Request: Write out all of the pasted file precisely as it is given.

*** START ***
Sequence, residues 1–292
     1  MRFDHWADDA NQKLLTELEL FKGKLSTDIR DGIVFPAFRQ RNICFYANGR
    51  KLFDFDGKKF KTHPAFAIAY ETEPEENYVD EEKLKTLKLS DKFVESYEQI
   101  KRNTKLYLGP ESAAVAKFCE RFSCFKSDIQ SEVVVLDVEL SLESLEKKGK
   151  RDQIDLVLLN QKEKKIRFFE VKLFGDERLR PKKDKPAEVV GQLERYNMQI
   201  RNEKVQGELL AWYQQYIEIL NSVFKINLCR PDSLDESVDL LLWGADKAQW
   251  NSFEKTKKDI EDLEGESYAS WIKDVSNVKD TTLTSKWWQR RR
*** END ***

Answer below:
Sequence, residues 1–292
     1  MRFDHWADDA NQKLLTELEL FKGKLSTDIR DGIVFPAFRQ RNICFYANGR
    51  KLFDFDGKKF KTHPAFAIAY ETEPEENYVD EEKLKTLKLS DKFVESYEQI
   101  KRNTKLYLGP ESAAVAKFCE RFSCFKSDIQ SEVVVLDVEL SLESLEKKGK
   151  RDQIDLVLLN QKEKKIRFFE VKLFGDERLR PKKDKPAEVV GQLERYNMQI
   201  RNEKVQGELL AWYQQYIEIL NSVFKINLCR PDSLDESVDL LLWGADKAQW
   251  NSFEKTKKDI EDLEGESYAS WIKDVSNVKD TTLTSKWWQR RR